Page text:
From £40,7458
This entry-level roadster charms as an all-rounder, but is it the dynamic showcase BMW says it is?

What is it?

As an entry-level roadster, the new Z4 sDrive20i should be among the sweetest-handling cars BMW builds, and therefore among the sweetest-handling cars full stop. No pressure, then.

But as we’ve already learned, not least from spending time in a development prototype and subsequently during a drive of the top-billing M40i version, BMW has put its back into making the third-generation Z4 much better to drive than its tepid forebear.

There are plenty of changes. The suspension has been re-engineered with a higher proportion of aluminium and there’s a new five-link set-up at the rear. The engine sits closer to the car’s centre of gravity, which is itself lower than before, and the front track is 98mm wider – a colossal increase. At the same time, the wheelbase has shortened 26mm in order to stiffen the aluminium-and-steel platform shared with the BMW 5 Series and the new Toyota GR Supra.

Arguably of equal importance to all that is the fact BMW has done away with run-flat tyres, the new Z4 instead wearing Michelin’s truly excellent Pilot Super Sports. Too much grip? We'll come back to that, but this is fundamentally a promising layout: traditionally front-engined and rear-driven, with equal weight distribution and a driving position now closer the car’s mid-point.

Bmw z4 20l 1604e

As it stands and will probably remain, with hybrid and proper M versions looking highly unlikely unless some BMW board member has a change of heart, there are three engine options, all petrol and turbocharged. The sDrive20i model tested here and the sDrive30i each get BMW’s 2.0-litre four-cylinder unit, respectively tuned to 194bhp and 255bhp for 0-62mph times of 6.6sec and 5.4sec. At the top of the range sits the Porsche 718 Boxster-rivalling M40i M Performance, which takes a 3.0-litre inline-six, mates it to the same ZF eight-speed automatic gearbox and duly drops the sprint time to 4.6sec.

All cars are well equipped, but as a quick run-down, here's what spending a bit extra over the sDrive20i Sport's £37,000 list price can get you.

Both Sport and M Sport cars are fitted with 18in alloy wheels touting an attractive degree of tyre sidewall, although the latter also gets M Sport suspension, an M leather steering wheel, a relatively restrained bodykit and, in the case of the sDrive30i, M Sport brakes. The M Sport Plus Pack – available on the sDrive30i but not the sDrive20i – adds the same adaptive M Suspension you'll find on the M40i. The other significant option is the Comfort Pack, which includes a heated steering wheel (crucial in our eyes), a useful wind deflector and through-load access from the boot. 

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Bmw z4 20l 1619t

What's it like?

If you had to run a strict two-seater with a folding roof, would any rival slot into your daily life quite as easily as the Z4?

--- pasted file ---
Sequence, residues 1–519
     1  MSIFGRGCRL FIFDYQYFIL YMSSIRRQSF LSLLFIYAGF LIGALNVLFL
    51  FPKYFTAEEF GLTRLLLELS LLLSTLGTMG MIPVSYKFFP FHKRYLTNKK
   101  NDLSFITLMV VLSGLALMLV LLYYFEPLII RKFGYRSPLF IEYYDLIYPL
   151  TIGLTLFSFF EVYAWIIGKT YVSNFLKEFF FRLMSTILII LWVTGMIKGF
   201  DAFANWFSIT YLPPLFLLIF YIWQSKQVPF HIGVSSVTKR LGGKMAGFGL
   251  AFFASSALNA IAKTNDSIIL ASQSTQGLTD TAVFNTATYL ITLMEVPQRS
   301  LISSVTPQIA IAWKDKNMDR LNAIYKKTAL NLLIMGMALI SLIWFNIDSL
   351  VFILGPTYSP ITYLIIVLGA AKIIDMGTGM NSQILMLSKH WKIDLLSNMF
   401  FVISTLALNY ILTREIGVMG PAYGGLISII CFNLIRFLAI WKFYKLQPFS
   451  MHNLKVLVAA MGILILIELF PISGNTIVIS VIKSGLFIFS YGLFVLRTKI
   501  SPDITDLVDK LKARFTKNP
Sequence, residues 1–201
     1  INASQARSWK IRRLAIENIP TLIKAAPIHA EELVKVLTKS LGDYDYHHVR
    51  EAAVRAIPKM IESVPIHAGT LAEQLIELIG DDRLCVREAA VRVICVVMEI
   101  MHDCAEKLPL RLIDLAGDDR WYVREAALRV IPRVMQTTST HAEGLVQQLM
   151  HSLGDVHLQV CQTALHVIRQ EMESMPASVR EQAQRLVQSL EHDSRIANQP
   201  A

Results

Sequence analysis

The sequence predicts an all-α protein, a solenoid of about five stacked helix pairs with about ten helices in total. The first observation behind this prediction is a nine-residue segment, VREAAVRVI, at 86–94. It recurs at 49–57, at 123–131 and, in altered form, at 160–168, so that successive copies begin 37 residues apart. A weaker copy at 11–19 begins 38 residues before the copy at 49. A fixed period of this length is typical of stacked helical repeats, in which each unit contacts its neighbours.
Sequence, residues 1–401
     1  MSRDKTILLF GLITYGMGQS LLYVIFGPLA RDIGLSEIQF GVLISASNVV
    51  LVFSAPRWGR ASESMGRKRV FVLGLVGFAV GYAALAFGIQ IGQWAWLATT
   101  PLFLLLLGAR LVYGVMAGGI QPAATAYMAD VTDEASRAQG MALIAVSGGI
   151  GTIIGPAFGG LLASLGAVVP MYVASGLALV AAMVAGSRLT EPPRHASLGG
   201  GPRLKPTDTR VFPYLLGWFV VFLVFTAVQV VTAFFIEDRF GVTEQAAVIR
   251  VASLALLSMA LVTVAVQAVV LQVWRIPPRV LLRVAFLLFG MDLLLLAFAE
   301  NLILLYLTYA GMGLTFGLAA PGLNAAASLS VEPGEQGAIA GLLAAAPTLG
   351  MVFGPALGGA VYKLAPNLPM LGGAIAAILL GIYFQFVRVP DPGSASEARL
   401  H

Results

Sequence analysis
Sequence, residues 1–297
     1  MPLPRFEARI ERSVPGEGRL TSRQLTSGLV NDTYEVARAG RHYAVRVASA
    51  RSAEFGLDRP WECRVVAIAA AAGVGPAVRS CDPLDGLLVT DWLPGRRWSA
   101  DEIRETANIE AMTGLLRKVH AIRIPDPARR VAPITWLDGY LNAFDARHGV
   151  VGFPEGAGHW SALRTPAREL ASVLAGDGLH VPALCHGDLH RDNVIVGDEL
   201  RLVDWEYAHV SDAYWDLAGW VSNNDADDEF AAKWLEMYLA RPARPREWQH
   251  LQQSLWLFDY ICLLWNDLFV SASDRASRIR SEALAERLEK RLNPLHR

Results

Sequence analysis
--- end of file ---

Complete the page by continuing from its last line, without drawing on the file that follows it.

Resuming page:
It’s doubtful. Without the need to store a folding hardtop, this car will comfortably swallow three good-sized duffel bags in its boot, and there’s a usefully large portion of storage space between the new M Sport seats and the rear bulkhead. Stowage up front is a bit limited and the cupholders sit awkwardly within the armrest, but it's decently spacious, and in this class to date, only Porsche has come up with a sensible way to secure one’s coffee cup without sacrificing functionality elsewhere.

The interior overall is a plush highlight, in fact, if also an indication that the Z4 remains more of a versatile, grand tourer-type roadster rather than a committed sports car. BMW could have done more to make the dashboard follow elegantly the contours of its new trapezoidal digital instruments, but the general layout is neat, purposeful and reassuring, with a level of perceived quality that makes you wonder whether BMW has out-Audi’d the Audi TT this time round.    

Bmw z4 20l 1611l

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You might be surprised to learn the sDrive20i doesn’t return the favour and comprehensively out-BMW the TT when you throw at set of corners its way, however. Not in the Sport specification of our test car, at least, which was equipped with the standard passive suspension set-up rather than the firmer M Sport alternative (also passive) that most buyers will specify. These photos show an M Sport model, note, in fetching Misano Blue. BMW didn't provide photos of the Sport, despite there being no M Sport for us to test.

The first reason for this potential upset is that the TT, while still not what you’d call dynamically expressive, is now a fine-handling device if steering precision and body control are your parameters. If you can find one equipped with wheels that don’t mimic Saturn’s rings, it also rides with decent composure, too. The Z4’s fiercest rival is better than it has ever been, in short, even if Audi is mulling whether to kill it after this generation.

The second reason is that the Z4's standard Sport suspension is better tuned for effortless motorway loping and gently flowing A-roads – environments in which the car performs very well, perhaps better than any other comparable car. Get too enthusiastic on smaller roads and it needs several attempts to get its body back under control after fast compressions and crests. Curt direction changes can also set the body fall a step behind the steering, which is trait exacerbated by the fact this eletromechanical rack is lazily geared just off-centre for relaxed cruising but markedly quickens thereafter. The result is that, just when the Mazda MX-5 and 718 Boxster start to get playful, the sDrive20i begins to get a bit twitchy and feels every kilo its 1405kg kerb weight.